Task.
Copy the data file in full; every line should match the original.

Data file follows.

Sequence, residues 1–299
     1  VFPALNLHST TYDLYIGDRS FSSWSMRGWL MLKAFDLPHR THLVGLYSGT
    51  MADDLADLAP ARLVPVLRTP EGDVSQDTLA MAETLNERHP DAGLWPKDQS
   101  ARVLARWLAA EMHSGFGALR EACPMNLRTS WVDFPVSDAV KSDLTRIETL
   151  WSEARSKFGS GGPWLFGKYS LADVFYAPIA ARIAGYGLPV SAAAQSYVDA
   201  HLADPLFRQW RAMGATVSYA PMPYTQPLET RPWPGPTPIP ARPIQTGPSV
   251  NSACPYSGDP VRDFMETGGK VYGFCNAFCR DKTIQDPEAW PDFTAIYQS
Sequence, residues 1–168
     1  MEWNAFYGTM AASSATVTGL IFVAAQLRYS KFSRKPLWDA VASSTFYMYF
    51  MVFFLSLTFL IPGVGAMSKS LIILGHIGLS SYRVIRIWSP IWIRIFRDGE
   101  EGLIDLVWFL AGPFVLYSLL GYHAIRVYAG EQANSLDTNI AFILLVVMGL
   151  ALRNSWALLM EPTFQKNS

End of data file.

Sequence, residues 1–299
     1  VFPALNLHST TYDLYIGDRS FSSWSMRGWL MLKAFDLPHR THLVGLYSGT
    51  MADDLADLAP ARLVPVLRTP EGDVSQDTLA MAETLNERHP DAGLWPKDQS
   101  ARVLARWLAA EMHSGFGALR EACPMNLRTS WVDFPVSDAV KSDLTRIETL
   151  WSEARSKFGS GGPWLFGKYS LADVFYAPIA ARIAGYGLPV SAAAQSYVDA
   201  HLADPLFRQW RAMGATVSYA PMPYTQPLET RPWPGPTPIP ARPIQTGPSV
   251  NSACPYSGDP VRDFMETGGK VYGFCNAFCR DKTIQDPEAW PDFTAIYQS
Sequence, residues 1–168
     1  MEWNAFYGTM AASSATVTGL IFVAAQLRYS KFSRKPLWDA VASSTFYMYF
    51  MVFFLSLTFL IPGVGAMSKS LIILGHIGLS SYRVIRIWSP IWIRIFRDGE
   101  EGLIDLVWFL AGPFVLYSLL GYHAIRVYAG EQANSLDTNI AFILLVVMGL
   151  ALRNSWALLM EPTFQKNS